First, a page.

Dental Tourism – Austria
Austria, officially the Republic of Austria, is a federal republic and a landlocked country of over 8.7 million people in Central Europe. The origins of modern-day Austria date back to the time of the Habsburg dynasty when the vast majority of the country was a part of the Holy Roman Empire. Today, Austria is a parliamentary representative democracy comprising nine federal states. The capital and largest city is Vienna. Austria is one of the richest countries in the world and has developed a high standard of living and in 2014 was ranked 21st in the world for its Human Development Index. Although Austria is cold in the winter (−10 – 0 °C), summer temperatures can be relatively high, with average temperatures in the mid-20's and a highest temperature of 40.5 °C (105 °F) in August 2013. Austrian German is Austria's official language and is spoken natively by 88.6% of the population.
Austrians are a homogeneous people, although four decades of strong immigration have significantly changed the composition of the population of Austria. According to the 2001 population census, 88.6% are native German speakers (96% Austro-Bavarian dialects and 4% Alemanic dialects) while the remaining 11.4% speak several minority languages. The non-German speakers of Austria can be divided into two groups: traditional minorities, who are related to territories formerly part of the Habsburg Monarchy, and new minorities, resulting from recent immigration.
Only three numerically significant traditional minority groups exist – 14,000 Carinthian Slovenes in Austrian Carinthia (south central Austria) and about 25,000 Croats and 20,000 Hungarians in Burgenland (on the Hungarian border). The Slovenes (also called 'Windischer') form a closely knit community. The present boundaries of Austria, once the center of the Habsburg Empire that constituted the second-largest state in Europe, were established in accordance with the Treaty of Saint-Germain-en-Laye.
The telephone system is highly developed and efficient. Fibre-optic coverage is extensive, although it remains very expensive. A full range of telephone and Internet services are available via the network. Austria has 15 satellite earth stations. Additionally, there are around 600 very-small-aperture terminals (VSATs) (2007).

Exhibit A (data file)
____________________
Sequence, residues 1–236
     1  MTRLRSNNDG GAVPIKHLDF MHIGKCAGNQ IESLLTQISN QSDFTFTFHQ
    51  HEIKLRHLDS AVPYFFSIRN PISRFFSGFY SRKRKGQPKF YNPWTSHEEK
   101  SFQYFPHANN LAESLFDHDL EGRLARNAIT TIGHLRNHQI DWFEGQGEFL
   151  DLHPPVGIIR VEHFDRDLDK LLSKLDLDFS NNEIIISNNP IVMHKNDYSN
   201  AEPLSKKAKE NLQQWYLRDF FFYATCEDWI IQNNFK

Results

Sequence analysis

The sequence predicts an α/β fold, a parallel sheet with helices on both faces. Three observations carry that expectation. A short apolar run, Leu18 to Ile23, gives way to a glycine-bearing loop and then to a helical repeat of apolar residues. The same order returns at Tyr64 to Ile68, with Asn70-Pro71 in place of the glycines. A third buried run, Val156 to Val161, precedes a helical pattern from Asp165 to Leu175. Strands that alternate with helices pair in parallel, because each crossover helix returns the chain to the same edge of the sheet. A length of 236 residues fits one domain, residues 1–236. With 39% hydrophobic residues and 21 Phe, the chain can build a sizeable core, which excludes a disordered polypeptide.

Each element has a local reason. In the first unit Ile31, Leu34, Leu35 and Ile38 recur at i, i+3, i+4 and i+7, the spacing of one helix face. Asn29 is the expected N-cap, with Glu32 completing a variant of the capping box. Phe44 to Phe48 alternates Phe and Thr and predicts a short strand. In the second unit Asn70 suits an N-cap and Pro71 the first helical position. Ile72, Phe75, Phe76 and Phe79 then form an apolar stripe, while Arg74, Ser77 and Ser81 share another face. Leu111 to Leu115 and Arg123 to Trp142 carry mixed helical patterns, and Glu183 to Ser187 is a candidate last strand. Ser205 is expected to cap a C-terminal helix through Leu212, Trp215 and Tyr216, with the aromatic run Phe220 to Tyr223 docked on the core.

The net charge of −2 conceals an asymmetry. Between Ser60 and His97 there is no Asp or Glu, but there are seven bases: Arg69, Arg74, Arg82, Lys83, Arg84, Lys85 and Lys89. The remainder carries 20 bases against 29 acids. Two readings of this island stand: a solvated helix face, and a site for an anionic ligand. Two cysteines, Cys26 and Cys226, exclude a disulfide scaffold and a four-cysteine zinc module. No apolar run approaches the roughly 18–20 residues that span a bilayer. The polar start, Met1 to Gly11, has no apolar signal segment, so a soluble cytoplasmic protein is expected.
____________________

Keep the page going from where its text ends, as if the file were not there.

The Austrian mobile phone market is highly competitive, with some of the lowest rates in Europe. Due to the geographical structures of Austria (mountains, flat lands, lakes) many providers use it as a "testing range" for new services. Mobile number portability was introduced in 2008, allowing users to retain their mobile phone numbers when switching between network operators. The original area codes allocated to each operator can no longer be used to determine the network with which a subscriber is registered. The Austrian broadband market is dominated by the DSL providers, which rapidly overtook cable as the preferred access method. However, mobile services employing UMTS/HSDPA and LTE are rapidly gaining ground due to fierce market competition. SDSL and optical fiber access is also available.
The standard of education in Austria is very high, so pretty well all schoolchildren get a solid grounding in English. So you should have no trouble at all getting by using English, particularly in hotels, stores, restaurants and other places used to dealing with foreign tourists.
The locals are sadly aware of the deficiencies of the UK, USA and other countries when it comes to foreign languages, so you’re unlikely to offend anyone by addressing them in English. Indeed, you’ll find people eager to practice their English on you – you may have some trouble with that if you’re actually trying to practice your German.
Education is an essential success factor for the social and economic future of a country. The Federal Ministry for Education, the Arts and Culture has competence for the entire educational system of general and vocational schools, from compulsory schooling until completion of secondary level 2 and for all University Colleges of Teacher Education (Pädagogische Hochschulen) in Austria. Adult education and life-long learning are also parts of its responsibilities.